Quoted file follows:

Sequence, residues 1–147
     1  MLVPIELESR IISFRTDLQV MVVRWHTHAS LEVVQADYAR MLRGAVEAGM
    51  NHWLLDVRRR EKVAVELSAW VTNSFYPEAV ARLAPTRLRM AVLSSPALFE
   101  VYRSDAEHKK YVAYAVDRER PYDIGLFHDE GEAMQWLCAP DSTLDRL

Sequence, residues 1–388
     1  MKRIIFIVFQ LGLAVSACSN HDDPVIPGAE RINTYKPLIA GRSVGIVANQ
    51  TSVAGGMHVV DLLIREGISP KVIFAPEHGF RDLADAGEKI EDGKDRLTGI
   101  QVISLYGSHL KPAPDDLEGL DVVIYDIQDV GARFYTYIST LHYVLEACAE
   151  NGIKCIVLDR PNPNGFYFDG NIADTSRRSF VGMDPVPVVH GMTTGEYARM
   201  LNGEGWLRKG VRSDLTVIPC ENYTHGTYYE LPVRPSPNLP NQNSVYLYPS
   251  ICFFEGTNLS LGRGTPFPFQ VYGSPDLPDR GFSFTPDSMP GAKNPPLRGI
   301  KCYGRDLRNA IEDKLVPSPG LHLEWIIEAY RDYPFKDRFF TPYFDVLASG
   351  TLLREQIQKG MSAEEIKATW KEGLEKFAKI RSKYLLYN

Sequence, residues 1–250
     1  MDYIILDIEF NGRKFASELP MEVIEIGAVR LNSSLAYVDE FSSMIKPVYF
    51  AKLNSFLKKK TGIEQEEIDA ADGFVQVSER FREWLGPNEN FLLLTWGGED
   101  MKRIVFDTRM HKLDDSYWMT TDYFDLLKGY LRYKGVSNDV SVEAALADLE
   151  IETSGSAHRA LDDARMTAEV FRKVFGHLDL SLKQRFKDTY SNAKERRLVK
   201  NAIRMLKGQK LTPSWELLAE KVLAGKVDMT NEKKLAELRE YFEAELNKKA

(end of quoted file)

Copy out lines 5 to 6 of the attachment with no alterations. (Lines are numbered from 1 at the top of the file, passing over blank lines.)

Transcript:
Sequence, residues 1–388
     1  MKRIIFIVFQ LGLAVSACSN HDDPVIPGAE RINTYKPLIA GRSVGIVANQ